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This is the narrowest and longest beam they saw.

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A shot of Michelle who was in Neil’s photo tour…I put this in because (a) she is cute and (b) I wanted at least one with a person in it for scale. This was taken right near the entrance…it’s an out and back hike through the canyon…shortly before we exited and headed back.

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At the conclusion of the tour we piled back in our air conditioned Suburban…George was right in that we would appreciate the A/C much more on the way back…and made the bouncy jouncy trek back to the center of town. Neil got a text from Connie…she had found a nail place across the street and was there getting her nails done…once that was done they headed home for a late lunch.

Tuesday was devoted to errands and getting ready to leave Page. We did manage to stop by the Glen Canyon Dam Visitor Center and Lake Powell overlooks for some information and photos.

Glen Canyon Dam is one of the two major dams on the Colorado River in the AZ/UT area…it’s more famous cousin Hoover Dam forms Lake Mead. Hoover is 16 feet taller and thicker at the base but about 300 feet shorter across the span…Hoover is a gravity arch dam and Glen Canyon is an arch dam…whatever that means. Glen Canyon actually has more concrete in it…4.4 million cubic yards instead of 3.3 in Hoover and while Hoover has a higher design capacity at full pool…29 million acre feet vs 27 million for Glen Canyon…Glen Canyon actually has more water in it most of the time and is within about 80 feet or so of full pool. Neil tried to talk her into taking the dam tour but she said “big fat no on that one.”

The dam looking from the bridge just downstream.

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And the remains of Glen Canyon downstream.

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One of the electrical turbines impellers the dam uses to generate electricity.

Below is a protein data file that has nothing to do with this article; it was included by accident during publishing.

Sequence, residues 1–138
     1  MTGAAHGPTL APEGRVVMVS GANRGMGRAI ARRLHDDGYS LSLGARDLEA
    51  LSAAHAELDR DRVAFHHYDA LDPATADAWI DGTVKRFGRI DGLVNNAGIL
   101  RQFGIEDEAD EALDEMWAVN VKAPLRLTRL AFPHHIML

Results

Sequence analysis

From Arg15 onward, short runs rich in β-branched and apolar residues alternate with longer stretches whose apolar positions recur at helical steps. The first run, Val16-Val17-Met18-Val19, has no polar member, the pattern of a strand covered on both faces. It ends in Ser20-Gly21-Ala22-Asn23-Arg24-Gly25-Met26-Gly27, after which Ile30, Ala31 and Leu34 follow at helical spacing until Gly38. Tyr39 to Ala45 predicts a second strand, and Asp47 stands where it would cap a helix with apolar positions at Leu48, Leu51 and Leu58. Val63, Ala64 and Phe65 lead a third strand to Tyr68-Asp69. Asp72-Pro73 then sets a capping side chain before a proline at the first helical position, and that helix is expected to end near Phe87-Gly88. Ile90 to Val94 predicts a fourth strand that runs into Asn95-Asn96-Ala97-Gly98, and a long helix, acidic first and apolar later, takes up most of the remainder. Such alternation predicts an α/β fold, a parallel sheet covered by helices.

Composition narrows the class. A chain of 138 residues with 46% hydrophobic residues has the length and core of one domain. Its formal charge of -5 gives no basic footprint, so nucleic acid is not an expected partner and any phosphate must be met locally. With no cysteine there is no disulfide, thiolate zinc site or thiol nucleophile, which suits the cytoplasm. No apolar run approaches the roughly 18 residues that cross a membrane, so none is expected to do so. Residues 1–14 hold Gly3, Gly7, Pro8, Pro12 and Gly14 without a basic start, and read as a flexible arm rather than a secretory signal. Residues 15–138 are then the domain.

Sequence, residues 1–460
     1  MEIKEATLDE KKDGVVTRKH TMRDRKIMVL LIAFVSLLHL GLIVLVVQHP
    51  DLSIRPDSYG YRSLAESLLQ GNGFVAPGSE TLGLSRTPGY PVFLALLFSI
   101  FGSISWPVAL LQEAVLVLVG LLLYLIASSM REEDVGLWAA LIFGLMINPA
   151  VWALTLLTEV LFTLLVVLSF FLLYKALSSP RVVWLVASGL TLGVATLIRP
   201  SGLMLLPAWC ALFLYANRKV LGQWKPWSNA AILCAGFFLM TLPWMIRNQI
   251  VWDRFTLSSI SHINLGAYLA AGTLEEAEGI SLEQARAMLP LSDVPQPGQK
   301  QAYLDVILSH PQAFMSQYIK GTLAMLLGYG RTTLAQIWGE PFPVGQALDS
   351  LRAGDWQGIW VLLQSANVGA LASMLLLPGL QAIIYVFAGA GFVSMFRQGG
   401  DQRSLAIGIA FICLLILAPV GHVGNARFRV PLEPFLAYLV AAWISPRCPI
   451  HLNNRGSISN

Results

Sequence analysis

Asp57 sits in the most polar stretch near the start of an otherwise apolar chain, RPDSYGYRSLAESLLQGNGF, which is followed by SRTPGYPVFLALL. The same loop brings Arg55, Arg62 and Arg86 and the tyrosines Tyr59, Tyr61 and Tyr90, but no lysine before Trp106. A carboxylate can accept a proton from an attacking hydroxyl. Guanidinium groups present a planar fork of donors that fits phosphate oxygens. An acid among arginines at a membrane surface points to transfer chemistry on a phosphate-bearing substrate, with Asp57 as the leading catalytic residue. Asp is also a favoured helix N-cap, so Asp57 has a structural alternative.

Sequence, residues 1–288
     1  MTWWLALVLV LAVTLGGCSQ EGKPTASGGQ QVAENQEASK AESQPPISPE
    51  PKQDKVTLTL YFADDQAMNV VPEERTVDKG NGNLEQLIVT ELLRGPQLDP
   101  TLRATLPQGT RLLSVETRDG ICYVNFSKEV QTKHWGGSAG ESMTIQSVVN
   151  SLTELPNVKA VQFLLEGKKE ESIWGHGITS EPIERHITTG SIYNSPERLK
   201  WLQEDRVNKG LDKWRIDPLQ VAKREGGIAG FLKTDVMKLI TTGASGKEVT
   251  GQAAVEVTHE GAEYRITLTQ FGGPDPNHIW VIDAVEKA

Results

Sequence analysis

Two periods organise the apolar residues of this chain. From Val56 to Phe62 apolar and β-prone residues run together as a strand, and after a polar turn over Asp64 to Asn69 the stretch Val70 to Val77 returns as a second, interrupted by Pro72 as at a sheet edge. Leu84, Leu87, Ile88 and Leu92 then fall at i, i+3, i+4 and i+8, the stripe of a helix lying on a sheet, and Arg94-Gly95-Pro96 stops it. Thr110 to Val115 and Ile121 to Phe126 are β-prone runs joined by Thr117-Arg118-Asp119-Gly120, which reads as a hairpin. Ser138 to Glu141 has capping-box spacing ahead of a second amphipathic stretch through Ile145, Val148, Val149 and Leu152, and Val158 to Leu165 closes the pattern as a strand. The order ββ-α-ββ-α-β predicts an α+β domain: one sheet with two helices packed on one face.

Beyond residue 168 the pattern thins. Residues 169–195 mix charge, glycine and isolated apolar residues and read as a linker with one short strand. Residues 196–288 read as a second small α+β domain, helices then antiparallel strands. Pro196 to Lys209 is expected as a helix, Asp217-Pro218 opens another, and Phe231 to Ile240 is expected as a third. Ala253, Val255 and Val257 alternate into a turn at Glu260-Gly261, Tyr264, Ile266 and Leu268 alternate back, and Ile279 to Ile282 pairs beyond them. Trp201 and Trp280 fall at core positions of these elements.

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And the bridge over the canyon just downstream of the dam.

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From the dam visitor center we stopped by and got a few shots of Lake Powell and Wahweap Bay which is in the former Wahweap Canyon which is a side canyon off of Glen Canyon.

This is the main Colorado River course looking upstream towards the rest of Lake Powell. The dam is just out of sight to the right.

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Looking slightly to the left of the shot above…this is Wahweap Bay. That’s Wahweap marina you can see…the campground is just to the left of the marina buildings.

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Wednesday morning was travel day…we had about 150 miles to go to get to Bryce Canyon City just outside Bryce Canyon National Park. On arrival we quickly checked in at Ruby’s Campground and Inn…which essentially takes up about 80% of what is named Bryce Canyon City…think South of the Border over on I-75 but less tacky and touristy and you’ll have it about right. We are scheduled for 10 days here…not because we need that many days for the park but to get us past the 4th of July weekend. Originally we were supposed to move sites halfway through stay but Judy at the office was able to juggle some other reservations around and get us into site 232 for our entire stay.

In the late afternoon after planning our 10 days here we drove over to the park for the obligatory park entrance sign photo, to watch the movie and check out the visitor center, and get the lay of the land parking wise for our further forays into the park.

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In the evening the smoke from the fire pick up in our area…here are some shots taken from our site right about sunset. The sites here are in the open and are gravel with full hookups…each one has a nice grass sitting area and they’re quite wide and you have decent separation from your neighbors.

Looking east (away from the fire direction) at our setup.

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West toward sunset and the smoke from the fire.

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North.

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And south towards the park…as you can see most of the smoke today is passing north of the park and it’s predicted to remain so for the next several days. Thursday morning as I write this it’s pretty smoke free…there’s a little high haze from it but no real smoky smell and little impact on visibility. The rest of Thursday’s agenda is to get some tickets for a cowboy dinner show and a rodeo that we want to go see and hopefully pick up Neil’s new tripod assuming UPS successfully delivers it from Amazon today.

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Cyas.

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3 Responses to Upper Antelope Canyon and Transit to Bryce Canyon City UT

  1. WOW. PIXIE DUST AND MAGIC. I THINK I SAW TINKERBELL IN THE SUNBEAMS. GORGEOUS.